E15M Profile: Christian Reed is a real victim of drunk driving

Credit: Bethany Fankhauser/The Foothill Dragon Press

Melissa Marshall

Credit: Bethany Fankhauser/The Foothill Dragon Press
Credit: Bethany Fankhauser/The Foothill Dragon Press

Since his sophomore year at Foothill, senior Christian Reed has been interested in participating in the Every 15 Minutes simulation, and after being a victim of a drinking and driving related collision, luckily walking away with no injuries, Reed was eager to spread awareness about the problem.

“Having that experience in my life, I know that it was important to keep people off the road,” Reed said. “Spreading awareness about it is pretty important, and I’m glad we have this program that can help.”

Reed was chosen to be one of the “living dead,” a group of 24 students who were pronounced as “dead” in groups of two every 15 minutes over the intercom on Thursday, the day of the crash scene. 

“I was pretty stoked just to be in it. To be picked, they select from a diverse group of people, and they want to pick people that have an impact on their friends. I thought that was an honor that some of my teachers thought that about me,” Reed said.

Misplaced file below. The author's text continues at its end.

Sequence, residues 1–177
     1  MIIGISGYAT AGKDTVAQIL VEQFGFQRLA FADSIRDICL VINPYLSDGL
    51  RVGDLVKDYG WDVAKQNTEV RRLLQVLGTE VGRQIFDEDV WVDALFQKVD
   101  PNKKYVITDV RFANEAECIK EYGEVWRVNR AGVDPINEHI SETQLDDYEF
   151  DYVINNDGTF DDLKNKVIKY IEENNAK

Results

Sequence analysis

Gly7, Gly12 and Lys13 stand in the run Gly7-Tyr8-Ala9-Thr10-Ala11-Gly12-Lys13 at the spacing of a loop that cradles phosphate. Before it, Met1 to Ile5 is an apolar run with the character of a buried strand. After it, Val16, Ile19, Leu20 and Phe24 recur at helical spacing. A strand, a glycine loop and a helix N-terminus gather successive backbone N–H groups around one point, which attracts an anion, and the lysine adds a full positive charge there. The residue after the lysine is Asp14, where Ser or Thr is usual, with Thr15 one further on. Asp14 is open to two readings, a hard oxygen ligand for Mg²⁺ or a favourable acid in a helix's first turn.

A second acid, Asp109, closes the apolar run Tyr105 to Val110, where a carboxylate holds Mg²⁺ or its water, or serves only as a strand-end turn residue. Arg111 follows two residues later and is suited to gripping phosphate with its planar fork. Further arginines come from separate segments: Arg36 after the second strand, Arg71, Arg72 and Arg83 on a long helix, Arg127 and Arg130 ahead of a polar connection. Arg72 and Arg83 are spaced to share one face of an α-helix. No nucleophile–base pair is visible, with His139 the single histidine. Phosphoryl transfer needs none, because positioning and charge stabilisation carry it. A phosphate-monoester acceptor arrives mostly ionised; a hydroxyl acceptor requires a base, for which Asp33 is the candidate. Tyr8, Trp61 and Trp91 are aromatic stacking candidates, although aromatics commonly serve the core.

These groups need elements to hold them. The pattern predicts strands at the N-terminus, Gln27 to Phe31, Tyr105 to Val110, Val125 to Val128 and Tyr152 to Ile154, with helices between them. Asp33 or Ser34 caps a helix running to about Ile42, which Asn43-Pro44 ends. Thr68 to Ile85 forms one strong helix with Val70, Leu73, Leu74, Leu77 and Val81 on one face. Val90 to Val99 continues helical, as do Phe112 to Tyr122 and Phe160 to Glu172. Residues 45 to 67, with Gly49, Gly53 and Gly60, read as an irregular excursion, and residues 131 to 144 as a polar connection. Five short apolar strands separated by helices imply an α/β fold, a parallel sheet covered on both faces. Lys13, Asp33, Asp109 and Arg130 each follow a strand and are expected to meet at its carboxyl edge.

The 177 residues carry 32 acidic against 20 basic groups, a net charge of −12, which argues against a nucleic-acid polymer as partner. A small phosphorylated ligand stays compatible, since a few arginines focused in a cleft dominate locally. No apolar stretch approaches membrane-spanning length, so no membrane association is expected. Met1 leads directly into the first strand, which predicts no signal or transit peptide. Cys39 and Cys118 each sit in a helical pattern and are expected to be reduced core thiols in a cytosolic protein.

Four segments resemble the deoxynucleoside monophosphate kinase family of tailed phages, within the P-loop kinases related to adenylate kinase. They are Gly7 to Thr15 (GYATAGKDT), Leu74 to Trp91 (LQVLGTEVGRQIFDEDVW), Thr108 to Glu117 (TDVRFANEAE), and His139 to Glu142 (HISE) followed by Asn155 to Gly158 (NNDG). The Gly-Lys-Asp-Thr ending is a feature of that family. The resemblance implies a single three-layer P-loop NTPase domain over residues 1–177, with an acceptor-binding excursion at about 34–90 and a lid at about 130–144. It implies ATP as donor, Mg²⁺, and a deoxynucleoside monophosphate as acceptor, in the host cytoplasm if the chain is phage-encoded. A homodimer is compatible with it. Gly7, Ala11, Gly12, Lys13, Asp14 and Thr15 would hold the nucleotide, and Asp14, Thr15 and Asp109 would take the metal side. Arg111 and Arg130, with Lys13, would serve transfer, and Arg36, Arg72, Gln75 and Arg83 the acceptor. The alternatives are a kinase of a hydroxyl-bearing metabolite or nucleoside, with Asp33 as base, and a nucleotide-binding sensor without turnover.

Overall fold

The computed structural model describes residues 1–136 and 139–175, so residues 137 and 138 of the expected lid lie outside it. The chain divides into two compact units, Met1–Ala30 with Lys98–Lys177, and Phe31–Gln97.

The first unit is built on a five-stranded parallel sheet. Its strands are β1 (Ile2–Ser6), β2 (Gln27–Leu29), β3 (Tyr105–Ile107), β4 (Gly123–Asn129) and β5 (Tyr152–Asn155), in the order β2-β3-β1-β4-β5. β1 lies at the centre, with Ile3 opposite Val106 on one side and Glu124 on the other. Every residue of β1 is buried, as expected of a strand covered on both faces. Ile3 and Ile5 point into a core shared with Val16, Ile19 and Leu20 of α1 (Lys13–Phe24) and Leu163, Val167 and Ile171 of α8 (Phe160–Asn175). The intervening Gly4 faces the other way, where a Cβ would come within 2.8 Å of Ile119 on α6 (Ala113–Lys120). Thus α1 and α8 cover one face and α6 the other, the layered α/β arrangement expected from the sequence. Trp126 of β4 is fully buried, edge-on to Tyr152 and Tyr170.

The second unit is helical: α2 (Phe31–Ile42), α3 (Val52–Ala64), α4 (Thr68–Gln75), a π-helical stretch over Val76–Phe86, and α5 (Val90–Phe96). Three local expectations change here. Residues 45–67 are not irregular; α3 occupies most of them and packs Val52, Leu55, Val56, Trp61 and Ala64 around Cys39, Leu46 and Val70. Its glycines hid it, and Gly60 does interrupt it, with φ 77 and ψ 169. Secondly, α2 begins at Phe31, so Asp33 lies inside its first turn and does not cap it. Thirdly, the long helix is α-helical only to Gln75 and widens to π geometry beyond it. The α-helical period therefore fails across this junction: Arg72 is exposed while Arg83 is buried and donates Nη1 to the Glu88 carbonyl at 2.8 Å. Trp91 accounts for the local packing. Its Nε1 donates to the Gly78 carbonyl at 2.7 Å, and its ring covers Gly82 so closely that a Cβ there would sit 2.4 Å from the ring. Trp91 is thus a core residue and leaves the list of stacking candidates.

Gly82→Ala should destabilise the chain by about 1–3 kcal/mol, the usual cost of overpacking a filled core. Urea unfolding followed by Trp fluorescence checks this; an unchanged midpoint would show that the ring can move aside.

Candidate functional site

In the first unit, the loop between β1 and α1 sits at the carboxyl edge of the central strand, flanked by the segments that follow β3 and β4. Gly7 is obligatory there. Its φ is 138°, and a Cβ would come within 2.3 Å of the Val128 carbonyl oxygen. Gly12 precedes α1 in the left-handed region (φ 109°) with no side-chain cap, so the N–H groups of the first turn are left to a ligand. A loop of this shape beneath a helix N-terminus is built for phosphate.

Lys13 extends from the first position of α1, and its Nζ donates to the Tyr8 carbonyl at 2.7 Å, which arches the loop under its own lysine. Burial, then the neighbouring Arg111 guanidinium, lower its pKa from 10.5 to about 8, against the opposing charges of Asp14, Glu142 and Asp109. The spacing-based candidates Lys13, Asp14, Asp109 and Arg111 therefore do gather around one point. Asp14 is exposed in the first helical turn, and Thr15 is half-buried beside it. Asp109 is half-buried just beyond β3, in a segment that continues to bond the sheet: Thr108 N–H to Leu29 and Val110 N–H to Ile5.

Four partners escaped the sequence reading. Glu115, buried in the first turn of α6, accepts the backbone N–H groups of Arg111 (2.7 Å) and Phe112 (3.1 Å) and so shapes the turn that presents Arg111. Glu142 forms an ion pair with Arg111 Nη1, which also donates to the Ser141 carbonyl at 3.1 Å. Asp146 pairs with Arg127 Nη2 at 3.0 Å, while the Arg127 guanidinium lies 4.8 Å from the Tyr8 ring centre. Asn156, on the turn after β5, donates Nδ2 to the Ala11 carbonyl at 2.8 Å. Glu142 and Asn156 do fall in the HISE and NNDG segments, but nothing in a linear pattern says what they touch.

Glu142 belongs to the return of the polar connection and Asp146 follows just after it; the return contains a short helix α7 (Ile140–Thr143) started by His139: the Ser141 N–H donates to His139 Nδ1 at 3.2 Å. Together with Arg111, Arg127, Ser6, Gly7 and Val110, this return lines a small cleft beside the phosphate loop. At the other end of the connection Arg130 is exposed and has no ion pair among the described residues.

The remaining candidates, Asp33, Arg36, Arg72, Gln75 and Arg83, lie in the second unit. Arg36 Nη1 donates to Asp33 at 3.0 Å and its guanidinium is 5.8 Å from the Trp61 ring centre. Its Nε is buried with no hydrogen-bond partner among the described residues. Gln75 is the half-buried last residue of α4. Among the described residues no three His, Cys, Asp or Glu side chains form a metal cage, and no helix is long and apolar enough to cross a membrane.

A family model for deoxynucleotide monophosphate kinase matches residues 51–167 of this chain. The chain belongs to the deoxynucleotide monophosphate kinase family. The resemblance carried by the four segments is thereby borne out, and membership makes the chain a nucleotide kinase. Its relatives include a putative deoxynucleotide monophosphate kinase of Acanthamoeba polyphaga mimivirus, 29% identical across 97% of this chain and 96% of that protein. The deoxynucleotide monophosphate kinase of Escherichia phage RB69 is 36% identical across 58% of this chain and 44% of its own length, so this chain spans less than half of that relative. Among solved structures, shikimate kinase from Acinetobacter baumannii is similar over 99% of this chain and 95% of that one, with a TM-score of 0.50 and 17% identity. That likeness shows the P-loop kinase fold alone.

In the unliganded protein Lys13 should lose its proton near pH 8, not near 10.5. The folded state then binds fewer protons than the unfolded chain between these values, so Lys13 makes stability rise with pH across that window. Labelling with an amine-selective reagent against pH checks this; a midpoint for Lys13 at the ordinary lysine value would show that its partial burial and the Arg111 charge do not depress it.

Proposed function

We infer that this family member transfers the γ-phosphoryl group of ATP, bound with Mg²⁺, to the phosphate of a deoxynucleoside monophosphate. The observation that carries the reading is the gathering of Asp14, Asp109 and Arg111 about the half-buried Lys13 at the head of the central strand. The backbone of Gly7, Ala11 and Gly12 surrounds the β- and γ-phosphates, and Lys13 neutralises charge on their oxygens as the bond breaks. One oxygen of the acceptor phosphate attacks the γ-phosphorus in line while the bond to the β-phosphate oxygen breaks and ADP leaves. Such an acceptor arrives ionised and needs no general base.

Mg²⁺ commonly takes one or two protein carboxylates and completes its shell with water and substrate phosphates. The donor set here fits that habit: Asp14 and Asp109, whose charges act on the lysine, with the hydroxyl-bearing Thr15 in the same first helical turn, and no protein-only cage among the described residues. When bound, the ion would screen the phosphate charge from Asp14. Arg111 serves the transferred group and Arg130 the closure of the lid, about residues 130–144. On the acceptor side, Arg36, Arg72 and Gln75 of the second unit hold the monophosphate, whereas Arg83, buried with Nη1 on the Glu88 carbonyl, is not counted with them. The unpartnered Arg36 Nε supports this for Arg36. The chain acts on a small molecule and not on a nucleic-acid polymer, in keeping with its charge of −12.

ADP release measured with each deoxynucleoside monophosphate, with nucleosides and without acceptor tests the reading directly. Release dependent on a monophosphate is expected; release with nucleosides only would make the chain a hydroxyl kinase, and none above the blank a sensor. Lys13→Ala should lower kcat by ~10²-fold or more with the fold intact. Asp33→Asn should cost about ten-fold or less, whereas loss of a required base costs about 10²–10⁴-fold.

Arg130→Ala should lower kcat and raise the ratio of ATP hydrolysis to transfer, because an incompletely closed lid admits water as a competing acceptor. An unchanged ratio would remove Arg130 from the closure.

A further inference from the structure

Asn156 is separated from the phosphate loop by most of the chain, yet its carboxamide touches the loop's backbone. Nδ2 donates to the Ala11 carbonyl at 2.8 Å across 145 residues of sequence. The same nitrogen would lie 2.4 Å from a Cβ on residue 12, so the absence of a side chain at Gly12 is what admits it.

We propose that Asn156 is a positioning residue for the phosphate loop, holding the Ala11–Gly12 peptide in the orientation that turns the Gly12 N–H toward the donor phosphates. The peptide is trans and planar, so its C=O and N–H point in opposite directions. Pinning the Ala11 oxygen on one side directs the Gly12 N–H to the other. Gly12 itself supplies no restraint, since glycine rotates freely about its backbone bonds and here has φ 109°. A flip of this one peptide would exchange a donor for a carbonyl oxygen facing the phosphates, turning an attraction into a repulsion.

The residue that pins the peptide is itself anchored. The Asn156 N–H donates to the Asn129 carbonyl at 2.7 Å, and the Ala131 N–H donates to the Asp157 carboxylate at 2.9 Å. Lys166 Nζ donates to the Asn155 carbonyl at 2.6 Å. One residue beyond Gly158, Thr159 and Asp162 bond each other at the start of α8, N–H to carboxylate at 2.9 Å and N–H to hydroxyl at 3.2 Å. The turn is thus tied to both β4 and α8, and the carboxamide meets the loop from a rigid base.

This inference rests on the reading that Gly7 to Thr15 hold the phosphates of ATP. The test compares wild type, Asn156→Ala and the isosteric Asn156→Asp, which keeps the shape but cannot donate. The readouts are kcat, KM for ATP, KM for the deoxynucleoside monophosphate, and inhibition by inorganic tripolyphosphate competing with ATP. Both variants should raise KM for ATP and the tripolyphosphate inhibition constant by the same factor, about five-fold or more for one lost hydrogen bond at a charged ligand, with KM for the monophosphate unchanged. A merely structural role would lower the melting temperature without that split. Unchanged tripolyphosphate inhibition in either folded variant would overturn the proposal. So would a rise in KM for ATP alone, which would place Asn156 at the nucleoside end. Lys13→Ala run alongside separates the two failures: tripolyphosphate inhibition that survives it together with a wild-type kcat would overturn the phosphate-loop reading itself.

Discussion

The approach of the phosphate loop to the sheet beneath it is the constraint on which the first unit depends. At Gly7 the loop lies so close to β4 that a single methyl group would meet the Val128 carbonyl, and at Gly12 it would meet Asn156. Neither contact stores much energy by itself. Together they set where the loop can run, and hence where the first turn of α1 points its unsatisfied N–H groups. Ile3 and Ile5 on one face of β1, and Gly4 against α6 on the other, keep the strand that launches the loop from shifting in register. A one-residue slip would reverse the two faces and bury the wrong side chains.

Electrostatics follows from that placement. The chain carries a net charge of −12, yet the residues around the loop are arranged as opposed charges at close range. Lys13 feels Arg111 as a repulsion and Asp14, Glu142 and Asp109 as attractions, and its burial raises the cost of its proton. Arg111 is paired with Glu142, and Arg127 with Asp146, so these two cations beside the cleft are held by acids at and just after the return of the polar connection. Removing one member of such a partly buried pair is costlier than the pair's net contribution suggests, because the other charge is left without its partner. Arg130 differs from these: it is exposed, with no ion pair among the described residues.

Being able to experience the program from behind the scenes gave Reed more insight to the consequences that drunk driving and distracted driving have.

“Some of the students [in the crowd] didn’t seem to get the same impact from it that I did, just because I have more insight than them, mostly because of the interviews we got to hear,” he said. “It’s definitely opened my eyes to reality, and to just be careful in all aspects.”

All cast members were required to leave their cell phones at home and were prohibited from contacting and communicating with their friends and family.  This is to reinforce that they are “dead”, for both the friends and family as well as for the student.

“It was harder than I thought it was going to be, I thought I was going to be fine because I’m not very emotional,” Reed said, “but last night when [the cast] was talking and getting pretty deep, I was starting to think it was real for a while.”

Reed hopes that whether or not the students were able to witness the simulation behind the scenes, that it was realistic enough and the message got across.

“I hope they’ll take it to heart.  This is true, it can happen and it does happen, cause it did happen to me.”

What do you think?